Meanwhile, we meet Alan van Sprang as Francis Bryan, a cad who spends most of the season engaging in the kind of sexual courtly subplots which occupied Henry Cavill and Callum Blue during season one. His subplot is enjoyable enough, and gives us the only rough and boisterous character that the season can boast, but it doesn’t seem to go anywhere and feels like Thomas Tallis-style filler. Then there are Jane Seymour’s two impossibly handsome brothers Edward (Max Brown) and Thomas (Andrew McNair). Both historically played major roles in the final years (and aftermath) of Henry’s reign, but here are primarily window dressing.
All in all, I’d argue that this is the strongest season of The Tudors thus far (even if it feels like either Jane or Anne could have held the bulk of a season without being so hastily dismissed). It does lack any individual episodes as strong as those featuring the downfalls of Thomas More and the Boleyn family last season, but overall it has a cohesiveness and a maturity so lacking in the first two seasons.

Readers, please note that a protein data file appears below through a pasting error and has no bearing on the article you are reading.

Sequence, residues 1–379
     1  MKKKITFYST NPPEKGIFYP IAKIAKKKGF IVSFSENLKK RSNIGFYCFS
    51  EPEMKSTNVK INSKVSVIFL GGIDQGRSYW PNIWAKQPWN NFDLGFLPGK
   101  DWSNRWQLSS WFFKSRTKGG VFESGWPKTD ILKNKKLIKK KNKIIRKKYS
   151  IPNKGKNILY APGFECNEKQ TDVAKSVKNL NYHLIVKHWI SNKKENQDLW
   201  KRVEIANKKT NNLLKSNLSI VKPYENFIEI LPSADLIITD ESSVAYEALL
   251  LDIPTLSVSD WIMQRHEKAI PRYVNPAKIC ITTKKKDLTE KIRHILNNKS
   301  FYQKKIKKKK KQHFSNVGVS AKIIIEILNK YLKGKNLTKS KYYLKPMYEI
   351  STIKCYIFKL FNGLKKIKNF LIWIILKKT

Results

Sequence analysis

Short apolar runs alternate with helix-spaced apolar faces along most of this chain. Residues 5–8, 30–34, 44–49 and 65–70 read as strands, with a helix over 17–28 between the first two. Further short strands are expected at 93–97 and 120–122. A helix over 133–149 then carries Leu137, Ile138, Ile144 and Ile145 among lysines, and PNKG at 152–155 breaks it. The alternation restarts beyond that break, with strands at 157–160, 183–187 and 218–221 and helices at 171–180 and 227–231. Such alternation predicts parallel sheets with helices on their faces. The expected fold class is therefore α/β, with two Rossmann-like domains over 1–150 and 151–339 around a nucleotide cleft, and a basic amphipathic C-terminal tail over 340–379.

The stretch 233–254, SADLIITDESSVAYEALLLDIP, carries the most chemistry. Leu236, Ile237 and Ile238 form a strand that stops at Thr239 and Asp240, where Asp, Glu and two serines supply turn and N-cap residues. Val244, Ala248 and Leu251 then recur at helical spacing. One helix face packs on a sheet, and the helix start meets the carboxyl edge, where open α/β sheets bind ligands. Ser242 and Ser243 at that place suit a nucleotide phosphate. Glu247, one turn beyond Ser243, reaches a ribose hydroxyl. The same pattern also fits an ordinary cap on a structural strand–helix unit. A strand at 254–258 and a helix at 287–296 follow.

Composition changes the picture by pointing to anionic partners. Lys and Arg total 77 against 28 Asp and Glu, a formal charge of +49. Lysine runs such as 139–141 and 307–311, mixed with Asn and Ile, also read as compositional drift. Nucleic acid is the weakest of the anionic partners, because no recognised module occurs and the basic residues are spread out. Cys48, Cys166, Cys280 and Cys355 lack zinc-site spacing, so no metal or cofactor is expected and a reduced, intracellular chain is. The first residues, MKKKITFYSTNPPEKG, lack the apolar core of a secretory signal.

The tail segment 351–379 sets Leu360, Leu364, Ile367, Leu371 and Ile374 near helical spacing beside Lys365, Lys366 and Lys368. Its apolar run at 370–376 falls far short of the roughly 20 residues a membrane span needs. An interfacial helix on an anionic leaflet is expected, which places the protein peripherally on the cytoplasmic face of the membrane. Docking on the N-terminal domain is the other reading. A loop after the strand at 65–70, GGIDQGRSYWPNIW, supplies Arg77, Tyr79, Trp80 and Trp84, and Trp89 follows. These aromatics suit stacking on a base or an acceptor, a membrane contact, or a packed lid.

Rhys-Meyers gets plenty to do this season, and he gives it his all. Henry’s love for Jane is truly moving, and the fifth episode – in which he locks himself away in grief with his court fool (David Bradley) – gives him a chance to showcase his talent. The sequence as a whole is not entirely successful (in fact, the dialogue never quite lives up to what the writers would like it to be, so it comess off as one of the season’s weakest moments), but it does allow us to see a Henry who is slightly losing his grip on reality. Henry’s very public disdain for Anne has been written off by many fans as a complete anachronism (in a time when, socially, he would have kept these feelings to a private level) but I suspect they are the first evidence that Henry’s mental faculties are spiralling. And if nothing else, Henry’s more reclusive moments allow the court intrigue plots to move forward at a steamship pace.